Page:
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Consider ways in which the suffering of war, both physical and psychological, is presented in The Sentry

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Introduction

"Those other wretches, how they bled and spewed" Consider ways in which the suffering of war, both physical and psychological, is presented in 'The Sentry' In your answer, you should explore the effects of language, imagery and verse form, and consider how this poem relates to other poems by Owen that you have studied. The sentry is a poem that explores the experience of an artillery bombardment and the pain and suffering that follows. Owen uses a vast amount of imagery in all his poems to give the reader, those back at home, a realistic idea of what war is like and contrasting the wartime propaganda. Owen allows the reader to hear, smell and see what the trenches and battle were like - he describes them like animals "herded from the blast of whizz-bangs" this depicts the men as cows to the slaughter. ...read more.

Middle

Owen then goes on to describe "those other wretches" in the last stanza, immediately showing how war had affected some people, both physically and mentally - wretches could be either, or both, physically and psychologically damaged soldiers. The gory imagery continues as they "bled and spewed" and this continued imagery merely serves to emphasise his point about war. The imagery allows the reader to understand and feel how these men could suffer in such a way, and in turn allow Owen to convey his point that war is not honourable or good. The language throughout the poem is quite negative as Owen attempts to illustrate the suffering that the soldiers on the frontline must endure, and does this with a variety of techniques. ...read more.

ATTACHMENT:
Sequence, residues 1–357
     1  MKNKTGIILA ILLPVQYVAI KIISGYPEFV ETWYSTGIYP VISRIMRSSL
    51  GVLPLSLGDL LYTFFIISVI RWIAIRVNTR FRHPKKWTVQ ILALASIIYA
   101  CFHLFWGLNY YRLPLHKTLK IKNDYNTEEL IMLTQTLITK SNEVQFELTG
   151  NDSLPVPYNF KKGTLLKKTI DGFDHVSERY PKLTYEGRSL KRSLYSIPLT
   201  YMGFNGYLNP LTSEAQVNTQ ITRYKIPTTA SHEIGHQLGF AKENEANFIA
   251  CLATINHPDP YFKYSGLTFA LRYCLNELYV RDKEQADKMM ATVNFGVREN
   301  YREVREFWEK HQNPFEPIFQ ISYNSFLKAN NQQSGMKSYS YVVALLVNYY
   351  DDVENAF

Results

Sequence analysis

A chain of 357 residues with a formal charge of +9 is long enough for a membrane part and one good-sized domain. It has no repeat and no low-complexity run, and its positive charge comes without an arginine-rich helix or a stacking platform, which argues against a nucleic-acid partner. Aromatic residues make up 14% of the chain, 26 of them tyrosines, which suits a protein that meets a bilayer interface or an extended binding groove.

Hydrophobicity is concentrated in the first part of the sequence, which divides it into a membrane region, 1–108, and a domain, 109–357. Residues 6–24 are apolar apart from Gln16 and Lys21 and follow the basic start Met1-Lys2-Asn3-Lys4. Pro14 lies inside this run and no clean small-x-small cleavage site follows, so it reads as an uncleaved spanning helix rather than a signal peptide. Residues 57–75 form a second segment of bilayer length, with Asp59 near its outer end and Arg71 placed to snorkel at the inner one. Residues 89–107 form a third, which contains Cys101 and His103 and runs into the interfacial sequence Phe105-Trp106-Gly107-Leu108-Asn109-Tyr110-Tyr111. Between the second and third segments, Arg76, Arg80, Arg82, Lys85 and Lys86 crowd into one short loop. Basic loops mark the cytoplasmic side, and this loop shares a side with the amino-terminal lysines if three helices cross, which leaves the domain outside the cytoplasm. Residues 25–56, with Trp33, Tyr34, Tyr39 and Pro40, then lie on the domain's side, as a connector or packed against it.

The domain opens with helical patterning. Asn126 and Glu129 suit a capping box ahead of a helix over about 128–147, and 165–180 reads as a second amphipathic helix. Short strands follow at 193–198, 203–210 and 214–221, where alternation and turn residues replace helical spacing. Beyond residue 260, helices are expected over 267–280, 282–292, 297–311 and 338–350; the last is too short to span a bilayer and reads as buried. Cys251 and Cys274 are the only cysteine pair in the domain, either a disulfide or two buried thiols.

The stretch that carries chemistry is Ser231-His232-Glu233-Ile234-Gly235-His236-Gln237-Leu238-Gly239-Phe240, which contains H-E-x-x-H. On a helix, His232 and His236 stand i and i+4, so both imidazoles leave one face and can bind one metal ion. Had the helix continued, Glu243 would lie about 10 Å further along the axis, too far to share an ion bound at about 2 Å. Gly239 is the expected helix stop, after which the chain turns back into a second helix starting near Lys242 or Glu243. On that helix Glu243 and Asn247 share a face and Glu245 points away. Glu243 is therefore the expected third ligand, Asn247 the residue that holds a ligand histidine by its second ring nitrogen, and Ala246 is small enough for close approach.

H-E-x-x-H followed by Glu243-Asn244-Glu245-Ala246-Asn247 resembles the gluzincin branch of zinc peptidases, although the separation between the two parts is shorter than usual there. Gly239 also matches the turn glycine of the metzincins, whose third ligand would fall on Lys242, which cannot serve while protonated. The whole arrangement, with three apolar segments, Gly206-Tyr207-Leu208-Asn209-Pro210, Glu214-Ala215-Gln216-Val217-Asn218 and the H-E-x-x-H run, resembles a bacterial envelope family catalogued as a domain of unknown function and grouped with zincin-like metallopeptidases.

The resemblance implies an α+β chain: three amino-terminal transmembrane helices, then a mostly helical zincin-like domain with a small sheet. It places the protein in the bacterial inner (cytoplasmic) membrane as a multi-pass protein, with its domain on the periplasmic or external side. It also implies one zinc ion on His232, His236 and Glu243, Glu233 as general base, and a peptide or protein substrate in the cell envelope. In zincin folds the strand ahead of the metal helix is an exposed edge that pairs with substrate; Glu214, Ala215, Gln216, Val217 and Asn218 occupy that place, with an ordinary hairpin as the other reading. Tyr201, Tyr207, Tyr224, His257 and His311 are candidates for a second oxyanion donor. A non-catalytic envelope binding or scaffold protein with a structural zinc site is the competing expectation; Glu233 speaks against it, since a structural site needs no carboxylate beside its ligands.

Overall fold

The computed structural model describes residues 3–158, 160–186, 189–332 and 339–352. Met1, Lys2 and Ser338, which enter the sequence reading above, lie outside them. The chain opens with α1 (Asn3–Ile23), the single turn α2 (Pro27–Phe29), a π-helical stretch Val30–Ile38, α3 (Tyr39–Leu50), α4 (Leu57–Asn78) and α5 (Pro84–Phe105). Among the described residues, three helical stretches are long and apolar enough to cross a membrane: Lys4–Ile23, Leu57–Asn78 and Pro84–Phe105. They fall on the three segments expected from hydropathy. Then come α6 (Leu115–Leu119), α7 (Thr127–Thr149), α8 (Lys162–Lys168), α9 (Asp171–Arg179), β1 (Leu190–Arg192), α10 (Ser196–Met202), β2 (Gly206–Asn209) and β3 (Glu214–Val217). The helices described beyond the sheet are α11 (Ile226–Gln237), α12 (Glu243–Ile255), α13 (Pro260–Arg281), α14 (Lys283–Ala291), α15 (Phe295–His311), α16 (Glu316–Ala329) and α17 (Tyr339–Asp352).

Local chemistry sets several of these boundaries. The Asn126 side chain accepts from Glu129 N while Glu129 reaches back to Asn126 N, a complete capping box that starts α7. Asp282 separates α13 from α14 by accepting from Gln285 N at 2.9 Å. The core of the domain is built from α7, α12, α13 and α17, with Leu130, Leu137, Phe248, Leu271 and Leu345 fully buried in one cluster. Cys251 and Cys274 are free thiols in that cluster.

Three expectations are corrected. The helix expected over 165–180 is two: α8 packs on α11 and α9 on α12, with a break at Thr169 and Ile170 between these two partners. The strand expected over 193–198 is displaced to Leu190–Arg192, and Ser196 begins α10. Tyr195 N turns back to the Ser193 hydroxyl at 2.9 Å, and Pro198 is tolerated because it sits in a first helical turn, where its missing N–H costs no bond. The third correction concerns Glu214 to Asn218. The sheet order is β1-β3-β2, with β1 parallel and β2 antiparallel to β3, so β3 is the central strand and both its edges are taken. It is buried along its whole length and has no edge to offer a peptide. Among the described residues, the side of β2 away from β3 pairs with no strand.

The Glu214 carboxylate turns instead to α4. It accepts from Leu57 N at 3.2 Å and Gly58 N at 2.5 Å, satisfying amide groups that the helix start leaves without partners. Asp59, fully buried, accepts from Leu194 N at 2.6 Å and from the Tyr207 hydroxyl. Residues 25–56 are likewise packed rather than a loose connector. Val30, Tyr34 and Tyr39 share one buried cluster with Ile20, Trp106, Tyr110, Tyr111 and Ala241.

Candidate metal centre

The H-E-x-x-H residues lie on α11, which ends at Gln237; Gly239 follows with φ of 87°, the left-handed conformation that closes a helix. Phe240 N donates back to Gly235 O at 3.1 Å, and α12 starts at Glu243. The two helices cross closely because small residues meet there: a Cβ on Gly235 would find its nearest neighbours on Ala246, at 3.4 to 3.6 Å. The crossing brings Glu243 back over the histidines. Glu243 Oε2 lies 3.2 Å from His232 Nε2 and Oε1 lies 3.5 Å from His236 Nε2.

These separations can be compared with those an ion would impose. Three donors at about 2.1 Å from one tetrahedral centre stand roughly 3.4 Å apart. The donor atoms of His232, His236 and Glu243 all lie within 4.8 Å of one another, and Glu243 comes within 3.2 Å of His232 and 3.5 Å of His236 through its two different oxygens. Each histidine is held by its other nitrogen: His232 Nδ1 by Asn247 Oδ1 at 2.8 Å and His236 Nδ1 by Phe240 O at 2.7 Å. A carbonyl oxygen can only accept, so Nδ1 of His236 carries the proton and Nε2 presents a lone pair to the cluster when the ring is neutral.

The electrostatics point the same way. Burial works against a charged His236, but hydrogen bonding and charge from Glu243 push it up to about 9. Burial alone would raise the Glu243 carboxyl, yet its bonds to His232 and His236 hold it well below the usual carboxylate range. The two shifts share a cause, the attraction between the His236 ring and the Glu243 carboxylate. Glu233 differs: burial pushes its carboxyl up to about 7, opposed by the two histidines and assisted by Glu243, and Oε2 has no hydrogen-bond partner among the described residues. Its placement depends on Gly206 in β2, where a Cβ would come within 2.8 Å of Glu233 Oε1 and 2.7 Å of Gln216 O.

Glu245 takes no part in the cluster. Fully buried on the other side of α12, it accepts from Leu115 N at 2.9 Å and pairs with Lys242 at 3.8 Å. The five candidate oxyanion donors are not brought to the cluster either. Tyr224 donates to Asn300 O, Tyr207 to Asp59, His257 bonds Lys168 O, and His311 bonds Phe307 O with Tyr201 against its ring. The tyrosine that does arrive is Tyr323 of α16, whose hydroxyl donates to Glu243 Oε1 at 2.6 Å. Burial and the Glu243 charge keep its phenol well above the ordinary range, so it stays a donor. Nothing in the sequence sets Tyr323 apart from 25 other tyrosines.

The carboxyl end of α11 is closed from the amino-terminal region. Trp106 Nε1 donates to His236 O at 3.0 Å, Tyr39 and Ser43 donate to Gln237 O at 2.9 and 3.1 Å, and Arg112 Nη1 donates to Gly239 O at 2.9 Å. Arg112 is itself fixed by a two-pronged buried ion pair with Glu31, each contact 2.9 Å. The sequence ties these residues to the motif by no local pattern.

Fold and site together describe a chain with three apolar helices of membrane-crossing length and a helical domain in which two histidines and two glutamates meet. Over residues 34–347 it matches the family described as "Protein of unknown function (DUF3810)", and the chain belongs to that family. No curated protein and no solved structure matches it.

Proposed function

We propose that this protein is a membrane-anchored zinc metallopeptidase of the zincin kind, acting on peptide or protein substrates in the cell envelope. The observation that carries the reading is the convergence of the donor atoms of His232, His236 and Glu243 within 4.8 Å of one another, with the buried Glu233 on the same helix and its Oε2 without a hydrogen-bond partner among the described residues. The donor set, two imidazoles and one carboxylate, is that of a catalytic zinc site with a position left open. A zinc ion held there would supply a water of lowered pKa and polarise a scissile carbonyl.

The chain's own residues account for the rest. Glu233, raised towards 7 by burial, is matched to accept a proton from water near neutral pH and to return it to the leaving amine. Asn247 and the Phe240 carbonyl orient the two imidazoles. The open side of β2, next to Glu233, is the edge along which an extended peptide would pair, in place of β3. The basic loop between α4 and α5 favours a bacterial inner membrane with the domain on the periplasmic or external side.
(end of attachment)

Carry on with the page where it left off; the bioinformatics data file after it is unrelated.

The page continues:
Conclusion

The repetition of the words "I'm blind" illustrate the horrific images that soldiers had seen. These pain-filled words are very powerful in evoking a sense of pathos for these men, and of course the blind man, because Owen makes it very easy to see this suffering and empathise; the painful images are horrifying to any reader. This gory and pathetic language continues in "Those other wretches, how they bled and spewed" The word wretches in itself demonstrates that these soldiers have become dehumanised and are almost devoid of any emotion - this is a point that Owen makes in many of his poems, no least in "Futility". It also evokes a slight feeling of sorrow for what these people have become during the war. The words bled and spewed are rather gory ones and further demonstrate how war is not heroic but destructive and can never be a good thing. ...read more.

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